Marking the 123rd IACP with Tips to Make Selecting On-Premise Body Cam Storage & Management as Easy as 1, 2, 3

We’re excited to attend the IACP Annual Conference and Exposition in San Diego this week on Oct. 15-18. Each year, thousands of dedicated professionals from federal, state, county, local and tribal agencies attend IACP to learn about the newest intelligence, strategies and tech solutions available to blog1law enforcement.

Among the topics likely to attract attention and spark discussions are body cams and the importance of gathering electronic evidence. With an overwhelming 99 percent of public safety experts agreeing that video surveillance technology will play a significant role in their ability to prevent crime, theft and terrorism over the next five years, it’s more critical than ever to ensure we’re utilizing video data to its potential.

The increase in video data means there is a massive potential for enhanced situational awareness and better intelligence – but only if the data is analyzed.

In honor of the IACP’s 123rd year, we’re sharing tips to help make selecting on-premise body cam storage and management as easy as 1, 2, 3.

1. Beyond Body Cams

While body cams are certainly getting their share of coverage lately, it’s important to remember body cams are just one component of the video data that public safety departments are tasked with managing. Today’s public safety environments also consist of video, surveillance cameras, drones, in-car video, mobile devices and more. Progressive public safety departments must build a data platform that can collect, store and manage these individual pools of data. A common infrastructure provides a more cost-effective storage environment, more control of the data and better security.

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2. Costly Clouds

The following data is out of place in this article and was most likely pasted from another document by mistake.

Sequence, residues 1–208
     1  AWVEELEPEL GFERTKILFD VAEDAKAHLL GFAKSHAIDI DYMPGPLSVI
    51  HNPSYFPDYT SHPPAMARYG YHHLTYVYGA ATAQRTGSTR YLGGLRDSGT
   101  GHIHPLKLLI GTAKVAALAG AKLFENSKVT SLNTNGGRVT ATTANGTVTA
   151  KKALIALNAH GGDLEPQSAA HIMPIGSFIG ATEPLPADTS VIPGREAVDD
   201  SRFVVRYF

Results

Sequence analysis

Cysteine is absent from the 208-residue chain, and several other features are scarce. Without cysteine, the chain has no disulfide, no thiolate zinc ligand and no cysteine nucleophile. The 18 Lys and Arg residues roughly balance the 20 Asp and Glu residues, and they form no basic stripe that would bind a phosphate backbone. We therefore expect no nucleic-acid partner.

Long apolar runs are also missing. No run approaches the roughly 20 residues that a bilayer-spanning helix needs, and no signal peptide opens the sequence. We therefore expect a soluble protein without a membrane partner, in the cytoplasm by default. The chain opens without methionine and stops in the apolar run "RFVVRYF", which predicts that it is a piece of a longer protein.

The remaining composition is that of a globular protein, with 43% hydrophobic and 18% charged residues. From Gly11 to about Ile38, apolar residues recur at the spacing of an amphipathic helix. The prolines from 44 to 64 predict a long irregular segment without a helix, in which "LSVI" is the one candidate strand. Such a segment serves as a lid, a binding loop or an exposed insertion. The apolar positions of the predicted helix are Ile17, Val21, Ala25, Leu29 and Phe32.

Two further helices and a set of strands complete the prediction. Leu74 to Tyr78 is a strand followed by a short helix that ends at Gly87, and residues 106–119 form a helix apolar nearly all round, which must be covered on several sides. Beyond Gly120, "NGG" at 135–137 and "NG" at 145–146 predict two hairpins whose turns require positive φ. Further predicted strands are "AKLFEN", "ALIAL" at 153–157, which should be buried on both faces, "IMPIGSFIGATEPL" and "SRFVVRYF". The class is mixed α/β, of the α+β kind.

Last month, the Associated Press reported police departments in Indiana and Kentucky have halted the use of body cams, citing new laws that would require the video to be stored longer and thereby significantly increasing the cost. On average, each body cam requires a minimum of 1TB of storage per year. Competing cloud solutions charge over $1,400/year – per camera. For a police department that has 500 body cameras, that can quickly add up, with the cost of storage for body cams totaling approximately $700,000 annually in perpetuity. Department heads trying to maintain budgets and plan for additional personnel to monitor the data should consider alternative storage solutions that cost considerably less to deploy and provide an overall better total cost of ownership.

3. Open to New Solutions

Open platform enables departments to integrate body cam data with the best available industry applications. To avoid the risk of limiting video to a single company’s platform, departments should bypass a closed solution as it may prevent other key applications gaining access to that data. Because the video world is constantly changing, an open platform will enable departments to implement the best solutions today and tomorrow.

Read more about our storage solutions here or visit us at Booth 820 and Booth 5307 at IACP. We look forward to seeing you there!